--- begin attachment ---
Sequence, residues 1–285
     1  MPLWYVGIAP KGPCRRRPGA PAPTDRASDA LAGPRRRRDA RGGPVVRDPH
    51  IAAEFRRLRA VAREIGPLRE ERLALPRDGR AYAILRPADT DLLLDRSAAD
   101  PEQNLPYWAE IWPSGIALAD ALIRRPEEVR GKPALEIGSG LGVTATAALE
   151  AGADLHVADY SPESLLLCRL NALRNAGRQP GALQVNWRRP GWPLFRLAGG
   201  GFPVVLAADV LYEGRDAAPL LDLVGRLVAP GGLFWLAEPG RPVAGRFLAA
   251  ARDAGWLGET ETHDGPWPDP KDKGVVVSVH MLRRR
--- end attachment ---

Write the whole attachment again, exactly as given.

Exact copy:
Sequence, residues 1–285
     1  MPLWYVGIAP KGPCRRRPGA PAPTDRASDA LAGPRRRRDA RGGPVVRDPH
    51  IAAEFRRLRA VAREIGPLRE ERLALPRDGR AYAILRPADT DLLLDRSAAD
   101  PEQNLPYWAE IWPSGIALAD ALIRRPEEVR GKPALEIGSG LGVTATAALE
   151  AGADLHVADY SPESLLLCRL NALRNAGRQP GALQVNWRRP GWPLFRLAGG
   201  GFPVVLAADV LYEGRDAAPL LDLVGRLVAP GGLFWLAEPG RPVAGRFLAA
   251  ARDAGWLGET ETHDGPWPDP KDKGVVVSVH MLRRR